It was during the band’s second track, Astronomy Domine, that the full audience stood up, soaking in the echoes of Pink Floyd’s last tour in the United States, The Division Bell tour – the last time (and the first time) many in the audience had seen Mason play Astronomy Domine live.

The band was in fine form: this is a group of five blokes that seem to genuinely enjoy playing together. Mason has surrounded himself with musicians who grew up Pink Floyd fans and invest a particular kind of love in the music they are playing with him. With the exception of Guy Pratt, who for all practical purposes (legality, cosmetics, and silly fan debates aside) became a member of Pink Floyd, these guys are probably pinching themselves every morning they wake up realizing they are about to play yet another gig with Mason who in all truth is, as Gary Kemp describes, the heartbeat of Pink Floyd. Gilmour vs Waters era? Forget that. Tonight is a reminder that there is only one Pink Floyd era that matters: the Mason era. And Pratt should still be waking up every day pinching himself for that.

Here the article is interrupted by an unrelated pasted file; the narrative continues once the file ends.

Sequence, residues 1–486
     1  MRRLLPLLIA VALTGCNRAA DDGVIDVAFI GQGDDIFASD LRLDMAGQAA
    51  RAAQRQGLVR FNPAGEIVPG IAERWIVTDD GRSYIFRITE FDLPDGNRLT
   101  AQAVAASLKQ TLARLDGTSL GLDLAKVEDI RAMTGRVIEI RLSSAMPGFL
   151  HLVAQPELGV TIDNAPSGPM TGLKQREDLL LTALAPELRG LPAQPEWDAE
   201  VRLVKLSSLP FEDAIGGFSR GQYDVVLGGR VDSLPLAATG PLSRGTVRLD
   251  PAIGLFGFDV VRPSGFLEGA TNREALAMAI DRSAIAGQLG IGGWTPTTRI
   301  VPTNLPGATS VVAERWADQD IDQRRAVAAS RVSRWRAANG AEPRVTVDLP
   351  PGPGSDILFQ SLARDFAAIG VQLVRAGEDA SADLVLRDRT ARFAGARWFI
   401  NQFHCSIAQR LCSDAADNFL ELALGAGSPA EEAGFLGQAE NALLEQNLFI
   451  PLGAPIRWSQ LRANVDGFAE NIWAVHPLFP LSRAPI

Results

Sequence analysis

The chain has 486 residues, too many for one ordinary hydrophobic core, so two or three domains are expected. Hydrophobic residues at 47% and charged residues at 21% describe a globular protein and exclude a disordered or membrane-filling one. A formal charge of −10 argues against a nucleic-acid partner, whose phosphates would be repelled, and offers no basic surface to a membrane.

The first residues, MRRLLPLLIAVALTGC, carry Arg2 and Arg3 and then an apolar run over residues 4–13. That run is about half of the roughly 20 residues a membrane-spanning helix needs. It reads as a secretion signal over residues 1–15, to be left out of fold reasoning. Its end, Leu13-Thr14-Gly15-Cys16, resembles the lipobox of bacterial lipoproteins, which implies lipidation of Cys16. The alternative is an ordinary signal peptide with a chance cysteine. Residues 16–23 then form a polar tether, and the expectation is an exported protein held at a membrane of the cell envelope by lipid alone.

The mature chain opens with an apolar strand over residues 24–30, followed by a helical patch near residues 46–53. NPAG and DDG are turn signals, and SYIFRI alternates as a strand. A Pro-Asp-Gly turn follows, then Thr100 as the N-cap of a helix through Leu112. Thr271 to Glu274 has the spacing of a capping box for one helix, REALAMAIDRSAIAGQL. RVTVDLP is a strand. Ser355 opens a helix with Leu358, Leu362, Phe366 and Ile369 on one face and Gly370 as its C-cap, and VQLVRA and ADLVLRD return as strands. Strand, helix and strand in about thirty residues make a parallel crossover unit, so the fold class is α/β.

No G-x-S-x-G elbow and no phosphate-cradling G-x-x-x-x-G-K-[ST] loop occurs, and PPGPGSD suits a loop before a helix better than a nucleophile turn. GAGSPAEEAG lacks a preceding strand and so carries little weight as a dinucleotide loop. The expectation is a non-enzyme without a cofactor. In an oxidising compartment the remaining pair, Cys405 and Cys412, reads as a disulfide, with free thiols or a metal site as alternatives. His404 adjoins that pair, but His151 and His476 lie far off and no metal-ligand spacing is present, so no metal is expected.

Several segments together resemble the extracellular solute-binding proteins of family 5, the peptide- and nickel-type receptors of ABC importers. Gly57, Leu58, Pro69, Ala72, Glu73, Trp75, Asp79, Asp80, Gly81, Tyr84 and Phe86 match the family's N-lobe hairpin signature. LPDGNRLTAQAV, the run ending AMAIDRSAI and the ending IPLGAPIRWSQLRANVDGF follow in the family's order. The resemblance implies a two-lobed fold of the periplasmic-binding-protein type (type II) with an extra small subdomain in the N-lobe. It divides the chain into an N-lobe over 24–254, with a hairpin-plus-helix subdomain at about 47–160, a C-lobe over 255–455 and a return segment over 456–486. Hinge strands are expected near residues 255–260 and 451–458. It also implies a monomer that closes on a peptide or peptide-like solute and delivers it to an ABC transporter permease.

SOS live in Wallingford, CT The band’s incursion into the quinquagenarian Barrett era pays off, waking up the sleeping giant of a catalog that truly defined an epic rock act no matter what musical path it took. Barrett’s personality and musical touch can be heard in every Pink Floyd album, even The Endless River, which is probably the album that ties the first period and the last period in the band’s musical history together best.